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Home > Press > Handheld scanner could make brain tumor removal more complete, reducing recurrence

A handheld device that resembles a laser pointer could someday help surgeons remove all of the cells in a brain tumor.
Credit: Moritz Kircher
A handheld device that resembles a laser pointer could someday help surgeons remove all of the cells in a brain tumor.

Credit: Moritz Kircher

Abstract:
Cancerous brain tumors are notorious for growing back despite surgical attempts to remove them and for leading to a dire prognosis for patients. But scientists are developing a new way to try to root out malignant cells during surgery so fewer or none get left behind to form new tumors. The method, reported in the journal ACS Nano, could someday vastly improve the outlook for patients.

Handheld scanner could make brain tumor removal more complete, reducing recurrence

Washington, DC | Posted on September 3rd, 2014

Moritz F. Kircher and colleagues at Memorial Sloan Kettering Cancer Center point out that malignant brain tumors, particularly the kind known as glioblastoma multiforme (GBM), are among the toughest to beat. Although relatively rare, GBM is highly aggressive, and its cells multiply rapidly. Surgical removal is one of the main weapons doctors have to treat brain tumors. The problem is that currently, there's no way to know if they have taken out all of the cancerous cells. And removing extra material "just in case" isn't a good option in the brain, which controls so many critical processes. The techniques surgeons have at their disposal today are not accurate enough to identify all the cells that need to be excised. So Kircher's team decided to develop a new method to fill that gap.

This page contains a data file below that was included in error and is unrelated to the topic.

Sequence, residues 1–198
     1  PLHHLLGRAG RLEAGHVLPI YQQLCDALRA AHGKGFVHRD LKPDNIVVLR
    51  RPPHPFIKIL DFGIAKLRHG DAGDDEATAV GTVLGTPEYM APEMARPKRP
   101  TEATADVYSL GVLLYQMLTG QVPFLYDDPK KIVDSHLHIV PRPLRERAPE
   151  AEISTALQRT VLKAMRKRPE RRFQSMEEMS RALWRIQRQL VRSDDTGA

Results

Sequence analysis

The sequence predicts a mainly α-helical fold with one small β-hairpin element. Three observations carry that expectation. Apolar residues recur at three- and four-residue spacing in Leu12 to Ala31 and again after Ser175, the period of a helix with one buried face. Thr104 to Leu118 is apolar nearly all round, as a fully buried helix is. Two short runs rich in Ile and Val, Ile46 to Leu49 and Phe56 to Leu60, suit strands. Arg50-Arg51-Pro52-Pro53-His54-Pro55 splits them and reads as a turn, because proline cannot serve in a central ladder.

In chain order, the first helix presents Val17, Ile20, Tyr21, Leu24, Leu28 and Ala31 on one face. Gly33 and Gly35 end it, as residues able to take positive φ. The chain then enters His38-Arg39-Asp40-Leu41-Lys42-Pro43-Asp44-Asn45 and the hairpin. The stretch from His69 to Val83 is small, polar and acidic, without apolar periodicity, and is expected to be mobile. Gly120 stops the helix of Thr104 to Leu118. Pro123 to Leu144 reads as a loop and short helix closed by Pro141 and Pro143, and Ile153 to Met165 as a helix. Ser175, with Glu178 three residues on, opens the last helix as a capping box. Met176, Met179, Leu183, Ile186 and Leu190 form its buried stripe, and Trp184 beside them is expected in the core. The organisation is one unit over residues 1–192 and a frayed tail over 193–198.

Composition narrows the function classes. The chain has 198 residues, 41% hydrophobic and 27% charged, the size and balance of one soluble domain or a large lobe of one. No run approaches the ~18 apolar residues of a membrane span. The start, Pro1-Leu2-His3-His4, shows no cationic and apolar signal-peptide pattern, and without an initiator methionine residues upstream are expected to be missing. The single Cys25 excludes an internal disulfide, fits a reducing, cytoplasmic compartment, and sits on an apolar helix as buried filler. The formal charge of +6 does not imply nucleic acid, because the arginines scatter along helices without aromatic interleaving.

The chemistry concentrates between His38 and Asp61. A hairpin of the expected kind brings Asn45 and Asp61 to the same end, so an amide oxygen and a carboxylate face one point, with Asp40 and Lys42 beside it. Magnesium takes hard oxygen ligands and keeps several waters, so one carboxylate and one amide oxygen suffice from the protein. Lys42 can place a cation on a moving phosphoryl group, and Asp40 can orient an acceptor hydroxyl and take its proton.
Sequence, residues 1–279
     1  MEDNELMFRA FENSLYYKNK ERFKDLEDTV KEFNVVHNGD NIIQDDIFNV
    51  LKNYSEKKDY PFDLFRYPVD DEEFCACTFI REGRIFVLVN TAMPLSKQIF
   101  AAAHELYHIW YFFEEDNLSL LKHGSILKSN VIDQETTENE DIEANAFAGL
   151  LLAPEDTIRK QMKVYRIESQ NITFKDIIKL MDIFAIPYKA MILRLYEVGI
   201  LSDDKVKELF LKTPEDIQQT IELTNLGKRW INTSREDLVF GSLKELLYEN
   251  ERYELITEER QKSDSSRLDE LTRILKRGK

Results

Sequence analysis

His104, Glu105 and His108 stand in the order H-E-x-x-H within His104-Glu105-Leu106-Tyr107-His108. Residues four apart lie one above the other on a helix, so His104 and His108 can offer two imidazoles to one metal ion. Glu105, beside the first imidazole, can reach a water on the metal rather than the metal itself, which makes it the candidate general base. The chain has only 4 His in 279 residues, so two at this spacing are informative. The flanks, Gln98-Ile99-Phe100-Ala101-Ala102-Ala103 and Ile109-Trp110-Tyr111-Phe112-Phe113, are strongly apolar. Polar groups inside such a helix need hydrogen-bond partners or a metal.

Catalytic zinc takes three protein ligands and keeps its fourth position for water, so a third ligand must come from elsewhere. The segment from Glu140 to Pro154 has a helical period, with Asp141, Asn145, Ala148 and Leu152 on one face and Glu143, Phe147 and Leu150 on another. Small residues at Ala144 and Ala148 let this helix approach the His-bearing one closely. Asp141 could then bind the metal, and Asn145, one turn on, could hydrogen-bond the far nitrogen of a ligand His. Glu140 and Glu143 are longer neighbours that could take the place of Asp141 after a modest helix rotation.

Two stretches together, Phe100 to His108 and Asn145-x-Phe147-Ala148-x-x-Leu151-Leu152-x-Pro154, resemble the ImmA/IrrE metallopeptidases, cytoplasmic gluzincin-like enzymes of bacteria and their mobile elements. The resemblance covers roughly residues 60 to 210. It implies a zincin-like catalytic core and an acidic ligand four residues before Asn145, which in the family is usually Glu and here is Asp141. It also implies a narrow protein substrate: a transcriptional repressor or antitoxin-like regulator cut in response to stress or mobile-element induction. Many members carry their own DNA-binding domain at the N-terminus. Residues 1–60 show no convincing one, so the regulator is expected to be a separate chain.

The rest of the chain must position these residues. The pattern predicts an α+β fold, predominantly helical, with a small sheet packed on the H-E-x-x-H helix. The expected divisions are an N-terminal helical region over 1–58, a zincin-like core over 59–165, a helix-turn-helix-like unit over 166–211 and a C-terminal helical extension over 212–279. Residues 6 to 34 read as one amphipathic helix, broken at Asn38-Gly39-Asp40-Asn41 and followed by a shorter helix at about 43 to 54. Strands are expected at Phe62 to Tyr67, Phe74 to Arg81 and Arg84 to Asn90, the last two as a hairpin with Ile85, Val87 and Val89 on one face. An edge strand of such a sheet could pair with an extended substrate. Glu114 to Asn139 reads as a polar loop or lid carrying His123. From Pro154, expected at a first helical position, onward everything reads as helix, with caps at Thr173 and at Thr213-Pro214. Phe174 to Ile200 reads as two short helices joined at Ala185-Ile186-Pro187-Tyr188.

The researchers used a handheld device resembling a laser pointer that can detect "Raman nanoprobes" with very high accuracy. These nanoprobes are injected the day prior to the operation and go specifically to tumor cells, and not to normal brain cells. Using a handheld Raman scanner in a mouse model that mimics human GBM, the researchers successfully identified and removed all malignant cells in the rodents' brains. Also, because the technique involves steps that have already made it to human testing for other purposes, the researchers conclude that it has the potential to move readily into clinical trials. Surgeons might be able to use the device in the future to treat other types of brain cancer, they say.

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The authors acknowledge funding from the National Institutes of Health.

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About American Chemical Society
The American Chemical Society is a nonprofit organization chartered by the U.S. Congress. With more than 161,000 members, ACS is the world's largest scientific society and a global leader in providing access to chemistry-related research through its multiple databases, peer-reviewed journals and scientific conferences. Its main offices are in Washington, D.C., and Columbus, Ohio.

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Contacts:
Michael Bernstein

202-872-6042

Moritz F. Kircher, M.D., Ph.D.
Memorial Sloan Kettering Cancer Center
New York, NY 10065

Copyright © American Chemical Society

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